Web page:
Monday, July 18, 2016

Fun mobile app to dispel sexual and reproductive health myths

By Esther Nakkazi
(Written on July/22nd/2015 and first published here
A mobile application to dispel sexual and reproductive health myths won the ‘#HackForYouth’ Hackathon organised by the United Nations Population Fund (UNFPA) in Uganda.

The 3G Tree@viQ is an incentive based mobile application, which will provide young people with information about Sexual and Reproductive Health and Rights (SRHR).

It is simple, basic, interactive and fun said Natalie Cojohari, who works with UNFPA in Moldova and was the head of the winning team at the three day Hackathon (22-23 July) held at the Sheraton in Kampala.

The hackathon followed principles of “user-centred design”, actively engaging young people in the development of solutions that are based on their real needs and experiences. It was graced by the Mr. Ahmad Alhendawi, the UN secretary General’s Envoy on youth and Chris Baryomunsi, the Uganda State Minister of Health. It attracted young people from 13 countries.

Although the winning team developed the app for especially the youth in eastern Europe, it can also be adapted elsewhere. The region is burdened by increasing rates of HIV and STIs but is also has a high mobile phone penetration with no sexuality education in school and what is available is not accurate.

Ms. Cojohari explained that there are many sexual and reproductive health myths in her region like; you cannot get pregnant if you have sex for the first time, it is safer to use two condoms, if you wash your genitals with Coca Cola after sex you will not get pregnant.

So the app will basically be a quiz based on myths and if the player wins they will be incentivised with free data, airtime or meal. Ms. Cojohari said it will increase the users self esteem and improve their knowledge on sexual and reproductive health.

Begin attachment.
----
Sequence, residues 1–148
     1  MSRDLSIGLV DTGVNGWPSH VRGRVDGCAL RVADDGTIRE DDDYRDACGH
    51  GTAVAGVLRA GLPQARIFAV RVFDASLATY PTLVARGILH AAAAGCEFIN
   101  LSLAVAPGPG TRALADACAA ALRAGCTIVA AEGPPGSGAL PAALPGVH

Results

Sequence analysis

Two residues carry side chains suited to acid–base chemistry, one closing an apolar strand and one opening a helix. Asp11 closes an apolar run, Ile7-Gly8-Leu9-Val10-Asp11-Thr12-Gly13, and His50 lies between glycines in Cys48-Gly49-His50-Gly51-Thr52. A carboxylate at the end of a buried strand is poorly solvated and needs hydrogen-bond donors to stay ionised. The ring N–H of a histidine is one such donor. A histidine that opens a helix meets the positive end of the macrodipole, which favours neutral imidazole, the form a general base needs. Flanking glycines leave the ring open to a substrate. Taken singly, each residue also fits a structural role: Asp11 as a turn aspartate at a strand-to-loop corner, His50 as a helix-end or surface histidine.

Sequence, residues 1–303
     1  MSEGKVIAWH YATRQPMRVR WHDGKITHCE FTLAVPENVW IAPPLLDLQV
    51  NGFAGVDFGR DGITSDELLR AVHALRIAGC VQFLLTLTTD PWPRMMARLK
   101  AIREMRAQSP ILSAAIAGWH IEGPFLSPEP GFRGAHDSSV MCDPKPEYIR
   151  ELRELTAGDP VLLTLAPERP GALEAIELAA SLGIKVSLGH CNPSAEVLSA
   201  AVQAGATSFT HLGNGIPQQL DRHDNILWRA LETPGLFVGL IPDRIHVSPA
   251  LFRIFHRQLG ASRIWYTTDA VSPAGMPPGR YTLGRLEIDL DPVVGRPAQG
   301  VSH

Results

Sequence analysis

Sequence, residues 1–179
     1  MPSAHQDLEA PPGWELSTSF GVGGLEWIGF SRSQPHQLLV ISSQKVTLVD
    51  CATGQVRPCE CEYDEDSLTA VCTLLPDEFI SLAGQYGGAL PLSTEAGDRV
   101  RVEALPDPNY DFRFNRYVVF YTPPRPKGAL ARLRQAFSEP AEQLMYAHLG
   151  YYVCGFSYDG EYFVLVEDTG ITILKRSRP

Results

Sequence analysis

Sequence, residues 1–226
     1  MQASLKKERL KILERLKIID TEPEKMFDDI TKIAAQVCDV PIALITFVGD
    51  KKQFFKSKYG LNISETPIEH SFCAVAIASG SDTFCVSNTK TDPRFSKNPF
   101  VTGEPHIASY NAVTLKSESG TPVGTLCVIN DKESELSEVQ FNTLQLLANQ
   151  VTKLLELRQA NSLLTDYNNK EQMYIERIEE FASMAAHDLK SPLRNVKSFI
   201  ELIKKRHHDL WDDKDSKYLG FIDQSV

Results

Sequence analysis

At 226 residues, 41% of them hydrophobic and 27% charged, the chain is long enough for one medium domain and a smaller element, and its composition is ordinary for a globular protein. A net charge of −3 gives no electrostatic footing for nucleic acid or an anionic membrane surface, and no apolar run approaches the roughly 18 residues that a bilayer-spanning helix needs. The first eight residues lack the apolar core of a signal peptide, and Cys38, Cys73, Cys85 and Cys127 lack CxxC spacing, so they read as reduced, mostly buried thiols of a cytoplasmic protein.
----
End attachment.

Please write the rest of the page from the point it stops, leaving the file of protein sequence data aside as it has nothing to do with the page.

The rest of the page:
At the pitching session, teams came up with innovative solutions which were interactive, informative and educative to youthful users in their privacy customised with appropriate content for particular regions that offer unconventional solutions to promote young people’s knowledge on sexual and reproductive health.

These ranged from apps that could aggregate data, offer vouchers to young pregnant girls to get SRH services, or give youth friendly messages and the ability to chat in privacy with a certified e-volunteer and an app that gives access to information to empower them against sexual harassment.

The judges said the 3G Tree@viQ was well packaged, the quiz gives the youth a challenge and since at that age, everyone wants to beat the system, it will keep them engaged and rewarded at the same time improving their knowledge on sexual and reproductive health and rights in their privacy.

At a time when young people are always looking for data and they want to seek for sexual and reproductive health in comfort and privacy, a mobile health solution is one way to do it. It was a fruitful event and to me all the teams were winners at least in the area of rapid innovations.

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